With more than a month of spring remaining before the official start of summer, one of spring’s most dangerous features continues to remain a possibility.
Meteorologists at the National Weather Center in Norman are currently monitoring a system moving into the central plans from the west coast that is expected to reach southern Oklahoma by Friday.
“It’s still a little ways out, so we are monitoring it,” Alex Zwink, meteorologist said. “The first impact begins Friday night in western Oklahoma and possibly reaching into Ardmore with hail and tornadoes possible.”
The system is expected to continue to drop heavy rainfall throughout Saturday, and the potential for hail and tornadoes will remain.
Zwink stressed that ever-changing environmental conditions could impact the severity of the storm, with everything from tornadoes and hail to only heavy rainfall being possible.
“The big thing we are looking at now (for Ardmore) is flooding, we’ve had so much rain that we are pretty much saturated,” Zwink said. “A quick rain could produce flash flooding, or other flooding potential.”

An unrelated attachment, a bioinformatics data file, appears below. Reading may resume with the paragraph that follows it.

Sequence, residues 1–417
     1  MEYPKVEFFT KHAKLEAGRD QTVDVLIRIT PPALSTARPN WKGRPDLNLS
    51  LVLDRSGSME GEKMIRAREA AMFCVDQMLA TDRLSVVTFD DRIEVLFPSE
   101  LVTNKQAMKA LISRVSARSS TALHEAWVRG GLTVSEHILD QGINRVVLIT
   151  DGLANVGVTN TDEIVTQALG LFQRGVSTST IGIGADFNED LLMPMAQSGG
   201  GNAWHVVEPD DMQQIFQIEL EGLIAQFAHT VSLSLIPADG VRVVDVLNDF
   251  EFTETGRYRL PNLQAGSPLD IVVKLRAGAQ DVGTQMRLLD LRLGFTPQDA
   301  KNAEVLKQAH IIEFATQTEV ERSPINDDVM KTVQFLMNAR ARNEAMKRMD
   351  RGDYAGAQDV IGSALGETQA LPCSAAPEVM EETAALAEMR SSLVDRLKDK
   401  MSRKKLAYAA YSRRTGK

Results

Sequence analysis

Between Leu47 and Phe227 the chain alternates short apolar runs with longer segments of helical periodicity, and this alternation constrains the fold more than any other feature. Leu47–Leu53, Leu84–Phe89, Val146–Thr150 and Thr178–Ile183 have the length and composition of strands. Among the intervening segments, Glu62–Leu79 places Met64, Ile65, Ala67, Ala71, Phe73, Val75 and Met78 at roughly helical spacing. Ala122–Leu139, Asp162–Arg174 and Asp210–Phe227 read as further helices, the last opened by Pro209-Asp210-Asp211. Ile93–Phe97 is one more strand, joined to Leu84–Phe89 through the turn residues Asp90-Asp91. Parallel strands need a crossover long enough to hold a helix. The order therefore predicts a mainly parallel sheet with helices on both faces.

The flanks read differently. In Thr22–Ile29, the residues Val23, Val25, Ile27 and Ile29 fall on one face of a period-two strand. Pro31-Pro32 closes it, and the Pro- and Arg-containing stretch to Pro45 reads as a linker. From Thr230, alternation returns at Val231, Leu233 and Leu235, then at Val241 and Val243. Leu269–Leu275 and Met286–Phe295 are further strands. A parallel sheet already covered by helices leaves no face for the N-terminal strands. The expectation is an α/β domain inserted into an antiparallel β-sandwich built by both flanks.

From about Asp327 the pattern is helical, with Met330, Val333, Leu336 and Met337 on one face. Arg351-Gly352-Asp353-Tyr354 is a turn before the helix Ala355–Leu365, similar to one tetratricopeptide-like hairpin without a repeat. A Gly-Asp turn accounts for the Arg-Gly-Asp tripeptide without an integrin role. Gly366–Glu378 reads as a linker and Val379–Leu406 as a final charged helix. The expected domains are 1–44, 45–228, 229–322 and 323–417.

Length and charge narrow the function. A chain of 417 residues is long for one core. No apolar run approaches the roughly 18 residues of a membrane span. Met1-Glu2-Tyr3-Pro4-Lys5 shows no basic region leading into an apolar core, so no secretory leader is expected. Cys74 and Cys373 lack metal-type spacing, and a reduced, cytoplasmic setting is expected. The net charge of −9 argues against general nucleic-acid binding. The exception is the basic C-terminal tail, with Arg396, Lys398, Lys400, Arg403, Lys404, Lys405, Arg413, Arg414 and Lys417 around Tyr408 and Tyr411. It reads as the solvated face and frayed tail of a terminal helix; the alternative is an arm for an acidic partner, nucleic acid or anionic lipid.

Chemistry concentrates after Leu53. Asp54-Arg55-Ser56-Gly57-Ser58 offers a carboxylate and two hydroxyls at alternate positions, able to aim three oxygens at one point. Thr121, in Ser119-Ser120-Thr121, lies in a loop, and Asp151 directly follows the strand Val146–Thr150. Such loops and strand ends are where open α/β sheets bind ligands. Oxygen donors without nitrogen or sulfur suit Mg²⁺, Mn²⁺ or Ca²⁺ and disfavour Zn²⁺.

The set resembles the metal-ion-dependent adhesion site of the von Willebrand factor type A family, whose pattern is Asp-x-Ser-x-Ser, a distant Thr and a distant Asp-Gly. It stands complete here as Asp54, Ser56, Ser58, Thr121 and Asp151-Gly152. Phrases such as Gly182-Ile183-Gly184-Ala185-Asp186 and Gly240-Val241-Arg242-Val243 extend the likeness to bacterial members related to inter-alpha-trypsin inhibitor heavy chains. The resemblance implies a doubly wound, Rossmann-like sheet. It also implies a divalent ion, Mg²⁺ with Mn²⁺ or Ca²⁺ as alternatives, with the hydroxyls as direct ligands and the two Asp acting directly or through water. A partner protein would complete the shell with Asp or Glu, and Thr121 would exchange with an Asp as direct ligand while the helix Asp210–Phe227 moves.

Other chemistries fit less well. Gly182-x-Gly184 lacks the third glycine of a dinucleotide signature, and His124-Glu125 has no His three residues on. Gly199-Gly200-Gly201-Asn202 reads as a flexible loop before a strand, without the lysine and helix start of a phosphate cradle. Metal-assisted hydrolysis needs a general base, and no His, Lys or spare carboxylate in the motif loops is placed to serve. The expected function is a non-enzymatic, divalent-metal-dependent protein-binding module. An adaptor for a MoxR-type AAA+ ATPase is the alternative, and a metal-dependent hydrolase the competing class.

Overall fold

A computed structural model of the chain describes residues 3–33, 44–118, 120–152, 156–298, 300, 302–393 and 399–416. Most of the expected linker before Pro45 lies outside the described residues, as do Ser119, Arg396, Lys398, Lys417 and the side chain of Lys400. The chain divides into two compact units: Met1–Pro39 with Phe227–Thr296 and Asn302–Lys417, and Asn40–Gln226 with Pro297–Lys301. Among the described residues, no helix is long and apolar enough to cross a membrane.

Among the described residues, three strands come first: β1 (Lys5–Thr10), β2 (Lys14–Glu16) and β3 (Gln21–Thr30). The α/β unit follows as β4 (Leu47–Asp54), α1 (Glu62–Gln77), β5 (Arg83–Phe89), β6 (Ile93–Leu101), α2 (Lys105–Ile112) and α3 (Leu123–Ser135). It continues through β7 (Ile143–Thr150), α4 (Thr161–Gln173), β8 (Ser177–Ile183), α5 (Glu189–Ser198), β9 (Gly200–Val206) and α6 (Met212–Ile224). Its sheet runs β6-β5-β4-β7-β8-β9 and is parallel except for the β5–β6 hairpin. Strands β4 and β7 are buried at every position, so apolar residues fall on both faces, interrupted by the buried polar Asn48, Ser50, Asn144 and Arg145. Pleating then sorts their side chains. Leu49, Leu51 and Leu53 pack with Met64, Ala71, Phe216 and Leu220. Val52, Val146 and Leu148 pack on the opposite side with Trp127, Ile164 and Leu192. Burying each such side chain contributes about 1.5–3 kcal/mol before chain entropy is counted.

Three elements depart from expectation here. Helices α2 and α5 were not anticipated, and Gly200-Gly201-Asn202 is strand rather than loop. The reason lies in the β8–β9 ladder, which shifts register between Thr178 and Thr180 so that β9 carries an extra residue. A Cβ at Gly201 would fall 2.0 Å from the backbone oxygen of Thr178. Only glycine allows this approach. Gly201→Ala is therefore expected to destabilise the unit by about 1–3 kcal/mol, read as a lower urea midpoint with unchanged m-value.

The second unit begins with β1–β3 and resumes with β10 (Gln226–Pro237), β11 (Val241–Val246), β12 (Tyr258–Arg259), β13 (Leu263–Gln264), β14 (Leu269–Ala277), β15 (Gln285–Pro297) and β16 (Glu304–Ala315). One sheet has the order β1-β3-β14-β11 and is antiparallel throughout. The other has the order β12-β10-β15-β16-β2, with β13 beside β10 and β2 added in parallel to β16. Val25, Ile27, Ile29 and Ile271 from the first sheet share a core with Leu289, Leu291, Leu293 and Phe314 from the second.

Current models show Sunday as a break from the storms before a new round moves in on Monday.
“What happens on Monday will depend on what happens on Friday and Saturday,” Zwink said. “But people need to remain weather aware. Turn around, don’t drown strongly applies for this weekend.”
Carter County Director of Emergency Management Paul Tucker said water levels throughout the area have diminished since the last round of storms, but that flooding risk would return in prone areas if heavy rainfall is experienced.
“We’ve had quite a break since the most recent significant rainfall,” Tucker said. “Grounds are still saturated but a lot of the creeks have come down a lot.”